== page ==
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IAmA European Engineer who moved to Africa to repair bridges. I’ve survived malaria, basically dodged an 18-wheeler truck falling from a bridge 15 m high, faced a spitting snake, and struggle daily with water. Last week I needed trash bags and learnt I

Mar 1st 2013 by sahba • 51 Questions • 1689 Points

I just realised the title may be misleading: I'm still here (in Africa), I haven't left yet.

I added proof in this comment.

EDIT: I'm going to sleep... this is the latest I've gone to bed in a long time. I will continue answering questions tomorrow! Thanks everyone for an enjoyable AMA (at least for me!). Oh, and <obligatory frontpage remark>.

Q:

What's been your best experience so far?

A:

Pfff, where to begin. Possibly last week actually. I am a Bahai (that's a religion). I found a couple of fellow Bahais here when I arrived, and last week we were talking and one of them commented that he's been by himself (i.e., no other Bahais around) for years - he said "I was so lonely that at night in bed I would often cry". He just became emotional and was really happy that "once again I get to spend some time with my fellow Bahais".

I don't think most people can relate to it, and I could share a more relatable experience, but this may just take the cake for "best experience" so far. There are so many though.


Q:

What's been your worst experience so far?

A:

Either the malaria experience or dealing with that fallen truck / dead passenger.

The malaria experience was freaky because one minute I was feeling fine, 5 hours later I couldn't stand on my feet. It's a bit scary considering how very remote my location is (i.e., no proper healthcare available anywhere nearby).


Q:

Were you born and raised in europe with that religion? Where are your parent's from?

A:

In the Bahai faith parents don't "pass the religion" onto their children. Children are encouraged to make their own independent and free investigations of reality.

This being said, yes, my Parents are both Bahai (and originally Persian). The Bahai faith, meanwhile, is the first or second most geographically dispersed and diverse religion in the world (according to Encyclopedia Brittanica, last time I checked).


Q:

Are you working on a Bahai development project?

A:

I am not. However, together with the few other Bahais I've found here, we're trying to establish what in the Bahai community is often called "core activities": e.g., classes for children, where they are taught the virtues of generosity, compassion, etc.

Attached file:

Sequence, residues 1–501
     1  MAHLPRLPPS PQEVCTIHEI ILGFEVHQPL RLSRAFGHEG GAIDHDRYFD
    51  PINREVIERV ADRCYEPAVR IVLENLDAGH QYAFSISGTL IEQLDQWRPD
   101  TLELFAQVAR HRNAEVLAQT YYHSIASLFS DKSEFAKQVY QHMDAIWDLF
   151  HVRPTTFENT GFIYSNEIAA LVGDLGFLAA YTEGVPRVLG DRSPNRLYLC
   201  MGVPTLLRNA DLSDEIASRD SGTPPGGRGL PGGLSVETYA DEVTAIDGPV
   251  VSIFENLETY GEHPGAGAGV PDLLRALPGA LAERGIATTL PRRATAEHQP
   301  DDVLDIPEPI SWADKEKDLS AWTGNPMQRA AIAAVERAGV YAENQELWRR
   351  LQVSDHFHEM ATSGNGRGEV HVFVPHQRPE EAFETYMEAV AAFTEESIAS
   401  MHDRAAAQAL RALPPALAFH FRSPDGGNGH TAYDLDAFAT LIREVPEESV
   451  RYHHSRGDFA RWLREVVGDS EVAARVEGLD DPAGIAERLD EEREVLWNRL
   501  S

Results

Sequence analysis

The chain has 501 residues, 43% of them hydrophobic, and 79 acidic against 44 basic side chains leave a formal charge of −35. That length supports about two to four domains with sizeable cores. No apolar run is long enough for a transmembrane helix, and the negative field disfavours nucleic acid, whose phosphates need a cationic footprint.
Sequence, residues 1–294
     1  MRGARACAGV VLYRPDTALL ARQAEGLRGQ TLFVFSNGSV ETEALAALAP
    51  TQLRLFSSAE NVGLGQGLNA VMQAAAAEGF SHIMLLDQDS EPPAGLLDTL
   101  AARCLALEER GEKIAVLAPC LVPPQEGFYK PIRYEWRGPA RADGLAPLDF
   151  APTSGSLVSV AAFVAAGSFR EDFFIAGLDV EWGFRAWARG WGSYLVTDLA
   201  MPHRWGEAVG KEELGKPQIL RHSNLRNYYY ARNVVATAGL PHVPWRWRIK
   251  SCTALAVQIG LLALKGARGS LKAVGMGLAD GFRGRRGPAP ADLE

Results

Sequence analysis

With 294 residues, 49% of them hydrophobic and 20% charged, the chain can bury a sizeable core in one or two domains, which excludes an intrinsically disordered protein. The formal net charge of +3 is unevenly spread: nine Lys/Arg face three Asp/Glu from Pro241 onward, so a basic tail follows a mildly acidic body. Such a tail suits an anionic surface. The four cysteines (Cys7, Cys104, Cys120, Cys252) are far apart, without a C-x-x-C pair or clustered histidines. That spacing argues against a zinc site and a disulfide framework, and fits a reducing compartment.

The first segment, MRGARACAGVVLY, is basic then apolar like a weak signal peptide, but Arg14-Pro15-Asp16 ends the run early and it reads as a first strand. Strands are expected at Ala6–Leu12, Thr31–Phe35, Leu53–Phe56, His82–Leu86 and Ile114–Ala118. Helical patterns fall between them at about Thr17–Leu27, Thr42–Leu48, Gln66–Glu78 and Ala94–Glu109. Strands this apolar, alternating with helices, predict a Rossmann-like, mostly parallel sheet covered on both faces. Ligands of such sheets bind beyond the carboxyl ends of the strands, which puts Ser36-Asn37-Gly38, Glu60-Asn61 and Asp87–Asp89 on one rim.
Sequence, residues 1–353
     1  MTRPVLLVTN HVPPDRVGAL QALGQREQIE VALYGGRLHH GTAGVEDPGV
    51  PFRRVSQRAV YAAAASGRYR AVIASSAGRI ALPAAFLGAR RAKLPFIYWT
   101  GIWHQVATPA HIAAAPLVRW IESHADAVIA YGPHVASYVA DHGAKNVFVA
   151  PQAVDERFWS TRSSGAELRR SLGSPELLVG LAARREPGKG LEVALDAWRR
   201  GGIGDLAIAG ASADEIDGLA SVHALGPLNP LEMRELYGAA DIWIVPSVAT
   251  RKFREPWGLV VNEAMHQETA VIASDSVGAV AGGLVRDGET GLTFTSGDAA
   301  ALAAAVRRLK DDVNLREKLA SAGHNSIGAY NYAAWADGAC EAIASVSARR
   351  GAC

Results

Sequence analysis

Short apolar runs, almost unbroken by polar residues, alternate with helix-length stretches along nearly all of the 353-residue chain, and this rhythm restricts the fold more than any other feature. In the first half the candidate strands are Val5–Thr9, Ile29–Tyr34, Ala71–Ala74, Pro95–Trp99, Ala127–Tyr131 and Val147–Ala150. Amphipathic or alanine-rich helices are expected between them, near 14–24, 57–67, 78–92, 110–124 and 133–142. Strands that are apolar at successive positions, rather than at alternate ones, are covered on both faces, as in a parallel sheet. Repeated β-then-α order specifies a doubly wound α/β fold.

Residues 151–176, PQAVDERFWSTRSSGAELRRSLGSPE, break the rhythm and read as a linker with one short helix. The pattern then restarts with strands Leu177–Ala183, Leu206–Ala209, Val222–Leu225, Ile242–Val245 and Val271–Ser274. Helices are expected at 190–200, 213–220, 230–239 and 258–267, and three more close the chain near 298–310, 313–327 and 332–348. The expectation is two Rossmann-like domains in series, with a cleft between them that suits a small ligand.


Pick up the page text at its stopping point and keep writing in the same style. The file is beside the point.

Q:

Make sure you also teach them that 'non-virtues' (anger, envy, hate, etc.) are normal and don't make them 'bad'; just human. It's how we express those feelings. Making children feel shame for being human is destructive.

A:

Full on, brotha


Q:

This is great I'm currently reading this in Haifa... Right next to the Bahai world center :)

A:

Haaaa, awesome! Enjoy! Are you a Bahai on pilgrimage? Or just live there?


Q:

Cxu vi parolas esperante?

A:

Hmmm... no?


Q:

What thing have you worked on that make you most proud and why?

A:

Breaking social barriers.

I could spend a whole day telling you about interesting experiences I've had in this regard. One guy went and named his son after me just because I told him not to call me "boss" (context: I'm white and Africans often use this term for whites).


Q:

Patrão?

A:

Sim, infelizmente.


Q:

I would like to hear about this terrifying snake from the title...

A:

The spitting snake spits it venom at you (usually aiming for the eyes) from a distance.

I was just standing at the site and heard a ruckus by the workers near to where I was standing. I went to see what was happening: they had found a snake under some materials. I was kind of paralysed - as I knew it could just spit and screw you up. The snake was starting to swell its "neck" (an indication it's about to spit) but the guy next to me (a local) was a quick thinker and HE spat first! Apparently this makes the snake temporarily back off. The snake "unswelled" its neck and the guy promptly bashed it with a stick, killing it.


Q:

this happened to me in panama, wasn't a spitting snake (cobra?) but a mamba or viper or something, luckily the neighborhood gardener chucked a machete from like thirty feet a way and decapitated the snake.

A:

Frikkin hell!


Q:

Opinion/viewpoint on increasing Chinese investments in infrastructure (and thus bridges) traded against acquiring land and resources?

A:

Very good - and difficult - question. I'll make my job easy by just pointing out that most of those deals are being done with very little to no transparency at all - which is a bad sign by itself.


Q:

I'm an engineering student and am interested in going to 3rd world regions to help build power systems, water filtration, bridges, ect. Any advice?

A:

I'm going to sleep but wanted you to know I intend to answer your question tomorrow. It deserves some reflection.


Q:

Sahba , I am persian and born Muslim ( althought I dont belive in religons ) , From one Persian to another Bahai Persian, I love you and wish you bests. now the question , do you do this for charity or is it just your work location , If you had a choice would you prefer working in IRAN ?

A: